Predictions for the Future of Digital Talent Acquisition: Social Media (Part 2 of 3)

by May 21, 2014, 12:06 am ET

Screen Shot 2014-05-06 at 5.12.46 AMThis is the second part of a three-part series on the future of digital talent acquisition. In part one, I looked at content. Content will be the watchword of the next few years and there are some very specific ways talent acquisition professionals can ride that wave. But content is a spark waiting for gasoline in the shape of social media.

It has only been a few years since social media escaped the dorms and became the communication and financial powerhouse we see today. To some extent, we’ve seen social media complete its maturation process to compete with TV and display ads. No longer is social media a means for people to talk to each other that happens to have ads on it. Now, it is a medium for ads that happens to allow you to connect with friends.

If you don’t believe it, take a look at your Facebook feed. If you stripped out updates for games like Farmville and Candy Crush, updates from brands, links to other websites and videos, and updates from other social media channels like Instagram, Pinterest and Spotify, what’s left? Not much. Not much at all.

But that doesn’t mean social media is dead. It means that it is changing and evolving. Maturation of the content channel coincides with a maturation of the business model: many of the feed updates are paid for. It used to be if you were a fan of Coke or Bucky Badger, their updates would show up on your feed because you are a fan. Now, only about 1 percent of all brand updates organically (read: free) make it onto peoples’ feeds. Everything else gets paid for.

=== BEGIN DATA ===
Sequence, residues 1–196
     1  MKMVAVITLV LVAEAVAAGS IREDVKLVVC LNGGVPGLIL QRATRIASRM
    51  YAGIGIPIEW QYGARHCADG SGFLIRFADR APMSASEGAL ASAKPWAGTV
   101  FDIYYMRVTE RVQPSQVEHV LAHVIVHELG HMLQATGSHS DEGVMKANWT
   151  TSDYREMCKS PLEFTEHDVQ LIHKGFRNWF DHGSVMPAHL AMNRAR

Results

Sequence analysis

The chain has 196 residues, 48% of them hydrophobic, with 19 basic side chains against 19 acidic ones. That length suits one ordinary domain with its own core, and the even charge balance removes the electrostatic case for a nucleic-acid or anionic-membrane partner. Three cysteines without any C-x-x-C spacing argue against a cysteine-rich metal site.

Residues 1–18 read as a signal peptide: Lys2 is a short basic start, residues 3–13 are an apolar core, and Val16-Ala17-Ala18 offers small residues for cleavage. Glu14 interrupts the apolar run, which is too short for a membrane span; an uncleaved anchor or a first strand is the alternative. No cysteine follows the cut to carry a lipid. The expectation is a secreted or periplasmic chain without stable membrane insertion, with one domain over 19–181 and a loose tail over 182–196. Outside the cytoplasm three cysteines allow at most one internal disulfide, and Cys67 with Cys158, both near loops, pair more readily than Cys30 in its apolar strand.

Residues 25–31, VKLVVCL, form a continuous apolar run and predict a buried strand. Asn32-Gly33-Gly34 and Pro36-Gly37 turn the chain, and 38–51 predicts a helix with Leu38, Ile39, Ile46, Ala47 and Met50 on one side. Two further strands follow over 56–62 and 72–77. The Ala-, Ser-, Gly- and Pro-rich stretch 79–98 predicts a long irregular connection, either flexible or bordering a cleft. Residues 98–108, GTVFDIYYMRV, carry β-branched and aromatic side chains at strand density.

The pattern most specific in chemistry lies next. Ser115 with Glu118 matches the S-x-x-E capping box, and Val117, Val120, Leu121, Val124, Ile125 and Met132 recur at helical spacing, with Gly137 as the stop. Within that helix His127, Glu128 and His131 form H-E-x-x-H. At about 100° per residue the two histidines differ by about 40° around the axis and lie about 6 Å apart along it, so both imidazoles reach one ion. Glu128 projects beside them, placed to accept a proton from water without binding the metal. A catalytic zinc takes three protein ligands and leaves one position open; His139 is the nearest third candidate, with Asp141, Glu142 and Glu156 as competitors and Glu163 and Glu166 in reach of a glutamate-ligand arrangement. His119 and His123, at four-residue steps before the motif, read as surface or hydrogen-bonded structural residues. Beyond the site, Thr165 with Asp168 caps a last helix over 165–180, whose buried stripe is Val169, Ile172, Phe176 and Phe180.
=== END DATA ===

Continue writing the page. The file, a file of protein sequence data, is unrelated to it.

So look at your Facebook feed again. Think about how many of those updates were paid for and what they cost. Think about how much time and effort goes into all those Upworthy, BuzzFeed, and Huffington Post “articles” that flood your feed. Think about the amount of actual conversation that is taking place on your Facebook feed and you’ll agree: Facebook has changed a great deal in just the last four years. This means that in the near term, any Facebook campaigns you’re considering will be more expensive just to maintain the same reach. This means that in the long term, maybe Facebook isn’t a social media platform as much as it’s an ad platform. This should change your thinking of if and how to use it. keep reading…

Job Board Financials: A Mixed Bag Even for LinkedIn

by May 1, 2014, 6:01 pm ET

2014 Q1 Recruitment advertisingBy any measure, the first quarter was a mixed bag for the employment advertising business. The three public companies — Monster, Dice, and LinkedIn — all reported numbers that in some way didn’t hit what Wall Street investors were expecting or wanted.